People with depression who benefited from a placebo
showed signature changes in the brain and also
responded better to subsequent medication.
A placebo is a substance, such as a pill or shot,
that doesn’t contain any active medicine. Scientists
typically use placebos as controls in research
studies. This helps them understand how much of a
medicine’s effects are due to the drug itself,
versus how much are due to participants’
expectations or other factors.
People who are given a placebo may report
improvements in symptoms, sometimes even when they
know they’re taking something that doesn’t contain
To better understand the neurochemical mechanisms
underlying the placebo effect, a team led by Dr.
Jon-Kar Zubieta, formerly at the University of
Michigan School of Medicine and now at the
University of Utah, examined such effects in
depression treatment. The study was funded in part
by NIH’s National Institute of Mental Health (NIMH).
Results appeared online on September 30, 2015, in
The scientists enrolled 35 people with major
depression who weren’t taking any medications.
In the first phase of the study, the participants
were randomly assigned to receive placebo pills that
were described as a potentially fast-acting
antidepressant (“active” placebo group) or identical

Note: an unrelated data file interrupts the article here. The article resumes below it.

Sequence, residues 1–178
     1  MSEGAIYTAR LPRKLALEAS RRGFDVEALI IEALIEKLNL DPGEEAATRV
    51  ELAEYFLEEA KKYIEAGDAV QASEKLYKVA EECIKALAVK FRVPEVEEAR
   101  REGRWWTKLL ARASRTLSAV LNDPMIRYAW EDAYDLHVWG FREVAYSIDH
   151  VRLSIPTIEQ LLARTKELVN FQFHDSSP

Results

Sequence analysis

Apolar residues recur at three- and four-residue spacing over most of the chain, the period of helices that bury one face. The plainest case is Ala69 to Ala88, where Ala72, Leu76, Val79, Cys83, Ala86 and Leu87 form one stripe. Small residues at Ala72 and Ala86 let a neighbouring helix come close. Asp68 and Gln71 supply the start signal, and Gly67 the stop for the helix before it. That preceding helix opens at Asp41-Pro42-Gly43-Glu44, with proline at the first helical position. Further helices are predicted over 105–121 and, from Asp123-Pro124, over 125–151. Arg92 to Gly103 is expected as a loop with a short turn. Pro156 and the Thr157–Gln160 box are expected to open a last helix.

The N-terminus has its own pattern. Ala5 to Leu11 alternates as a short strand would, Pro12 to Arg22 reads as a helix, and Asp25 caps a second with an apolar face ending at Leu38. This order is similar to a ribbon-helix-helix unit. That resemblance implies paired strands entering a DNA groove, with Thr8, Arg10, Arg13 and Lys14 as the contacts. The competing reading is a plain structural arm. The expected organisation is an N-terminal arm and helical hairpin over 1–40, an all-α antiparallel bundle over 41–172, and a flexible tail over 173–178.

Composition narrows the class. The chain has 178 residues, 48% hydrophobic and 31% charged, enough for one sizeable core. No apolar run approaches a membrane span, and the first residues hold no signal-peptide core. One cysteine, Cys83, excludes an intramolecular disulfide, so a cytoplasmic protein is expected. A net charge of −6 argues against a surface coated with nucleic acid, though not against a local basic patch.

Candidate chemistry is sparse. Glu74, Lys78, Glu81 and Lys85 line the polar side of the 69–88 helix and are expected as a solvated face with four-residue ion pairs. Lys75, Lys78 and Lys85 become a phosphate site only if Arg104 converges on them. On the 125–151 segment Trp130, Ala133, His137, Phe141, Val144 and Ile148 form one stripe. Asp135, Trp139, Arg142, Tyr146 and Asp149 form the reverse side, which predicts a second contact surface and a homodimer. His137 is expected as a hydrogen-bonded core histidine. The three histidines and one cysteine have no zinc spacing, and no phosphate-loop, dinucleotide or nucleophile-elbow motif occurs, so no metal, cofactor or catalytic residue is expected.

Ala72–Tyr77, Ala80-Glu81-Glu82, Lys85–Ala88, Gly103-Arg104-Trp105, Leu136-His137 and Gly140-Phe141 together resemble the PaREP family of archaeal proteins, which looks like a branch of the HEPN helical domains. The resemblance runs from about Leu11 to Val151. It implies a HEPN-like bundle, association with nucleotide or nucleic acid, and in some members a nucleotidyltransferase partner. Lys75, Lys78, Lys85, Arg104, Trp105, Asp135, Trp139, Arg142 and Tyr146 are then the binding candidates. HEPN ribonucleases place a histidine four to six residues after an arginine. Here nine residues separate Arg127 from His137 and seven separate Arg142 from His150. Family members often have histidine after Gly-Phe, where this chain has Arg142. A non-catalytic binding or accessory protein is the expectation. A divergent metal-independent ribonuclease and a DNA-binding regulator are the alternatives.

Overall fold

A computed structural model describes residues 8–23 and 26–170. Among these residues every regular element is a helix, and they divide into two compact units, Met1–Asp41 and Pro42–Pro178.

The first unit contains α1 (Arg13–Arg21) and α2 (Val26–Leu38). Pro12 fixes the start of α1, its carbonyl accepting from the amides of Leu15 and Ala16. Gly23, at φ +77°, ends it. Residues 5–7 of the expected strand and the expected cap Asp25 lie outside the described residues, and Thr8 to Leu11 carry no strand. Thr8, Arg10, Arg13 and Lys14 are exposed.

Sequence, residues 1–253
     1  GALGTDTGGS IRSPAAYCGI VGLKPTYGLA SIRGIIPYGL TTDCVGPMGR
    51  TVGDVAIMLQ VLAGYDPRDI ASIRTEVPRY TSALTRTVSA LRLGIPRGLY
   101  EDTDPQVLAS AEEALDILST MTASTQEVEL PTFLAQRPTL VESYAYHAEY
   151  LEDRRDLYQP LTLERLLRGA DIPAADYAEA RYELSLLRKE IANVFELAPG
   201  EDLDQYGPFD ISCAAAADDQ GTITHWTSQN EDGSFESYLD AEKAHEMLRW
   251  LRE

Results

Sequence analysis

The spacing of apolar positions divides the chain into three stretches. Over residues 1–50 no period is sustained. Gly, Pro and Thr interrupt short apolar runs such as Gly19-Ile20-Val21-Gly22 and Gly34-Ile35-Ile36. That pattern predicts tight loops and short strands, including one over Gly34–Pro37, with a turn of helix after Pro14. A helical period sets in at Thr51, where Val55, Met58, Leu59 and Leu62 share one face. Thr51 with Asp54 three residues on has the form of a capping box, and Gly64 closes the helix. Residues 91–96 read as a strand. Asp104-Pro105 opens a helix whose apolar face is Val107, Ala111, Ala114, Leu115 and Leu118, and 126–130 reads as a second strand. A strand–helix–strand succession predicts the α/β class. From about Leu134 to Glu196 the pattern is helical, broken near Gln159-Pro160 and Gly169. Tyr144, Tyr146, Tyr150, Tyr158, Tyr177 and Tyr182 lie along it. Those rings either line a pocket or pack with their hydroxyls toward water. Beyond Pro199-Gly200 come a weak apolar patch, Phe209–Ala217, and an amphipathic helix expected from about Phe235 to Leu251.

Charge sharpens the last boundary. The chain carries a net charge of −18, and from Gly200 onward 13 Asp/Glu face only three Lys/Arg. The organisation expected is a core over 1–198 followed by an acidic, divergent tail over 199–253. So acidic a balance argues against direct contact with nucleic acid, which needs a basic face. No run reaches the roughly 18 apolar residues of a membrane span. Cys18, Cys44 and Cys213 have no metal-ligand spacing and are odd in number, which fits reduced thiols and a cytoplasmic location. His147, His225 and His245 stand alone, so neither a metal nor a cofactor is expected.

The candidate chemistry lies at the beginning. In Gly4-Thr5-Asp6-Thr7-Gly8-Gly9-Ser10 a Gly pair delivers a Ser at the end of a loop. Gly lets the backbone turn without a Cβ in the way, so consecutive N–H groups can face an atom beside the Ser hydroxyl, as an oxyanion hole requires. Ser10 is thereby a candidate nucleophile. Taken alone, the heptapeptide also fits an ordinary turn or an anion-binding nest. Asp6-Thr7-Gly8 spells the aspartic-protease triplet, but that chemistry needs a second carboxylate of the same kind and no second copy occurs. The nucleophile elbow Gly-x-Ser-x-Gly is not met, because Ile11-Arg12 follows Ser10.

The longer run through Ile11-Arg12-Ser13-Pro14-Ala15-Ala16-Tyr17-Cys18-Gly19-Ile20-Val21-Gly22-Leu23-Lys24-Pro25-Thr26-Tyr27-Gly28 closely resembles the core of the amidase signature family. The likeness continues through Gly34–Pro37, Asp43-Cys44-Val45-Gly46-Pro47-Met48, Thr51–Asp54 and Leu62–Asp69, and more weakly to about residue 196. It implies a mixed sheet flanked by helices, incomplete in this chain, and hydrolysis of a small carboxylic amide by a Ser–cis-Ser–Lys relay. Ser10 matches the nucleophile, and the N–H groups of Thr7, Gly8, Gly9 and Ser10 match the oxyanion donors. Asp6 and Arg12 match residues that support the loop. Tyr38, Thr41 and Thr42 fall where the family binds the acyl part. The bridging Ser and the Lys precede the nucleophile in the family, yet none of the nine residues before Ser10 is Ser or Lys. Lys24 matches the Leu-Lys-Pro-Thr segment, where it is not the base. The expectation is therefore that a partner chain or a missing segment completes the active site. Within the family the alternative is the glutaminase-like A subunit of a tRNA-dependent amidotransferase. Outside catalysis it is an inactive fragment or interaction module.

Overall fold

pills described as a placebo with no antidepressant
effects (“inactive” placebo group).
Each group took the pills for a week, and then after
a few days, the groups switched.
At the end of each week of treatment, the
participants completed a questionnaire about their
They also underwent a PET brain scan to measure the
activity of µ-opioid receptors, which are known to
be involved in emotion, stress, social rewards, and
During the scan, the active placebo group received
intravenous doses of saline with the understanding
that it might activate brain systems involved in
mood improvement. This was done to monitor the acute
effects of an active placebo on brain function.
The inactive placebo group received no infusions
during the scan.
In the second phase of the study, all participants
were treated for 10 weeks with antidepressants
(usually selective serotonin reuptake inhibitors),
and their depression symptoms were monitored.
At the end of the study, each person was fully
briefed on the study design and use of placebos.
The researchers found that the participants reported
significant decreases in depression symptoms when
they took the active placebo, compared to when they
took the inactive placebo.
These reductions were linked to increased µ-opioid
receptor brain activity in regions of the brain
associated with emotion and stress regulation.
Notably, the increased µ-opioid activity induced by
the active placebo was also associated with
significantly better responses to the subsequent
“These results suggest that some people are more
responsive to the intention to treat their
depression, and may do better if psychotherapies or
cognitive therapies that enhance the
clinician-patient relationship are incorporated into
their care as well as antidepressant medications,”
Zubieta says. “We need to find out how to enhance
the natural resiliency that some people appear to
For more information
Association Between Placebo-Activated Neural Systems
and Antidepressant Responses: Neurochemistry of
Placebo Effects in Major Depression.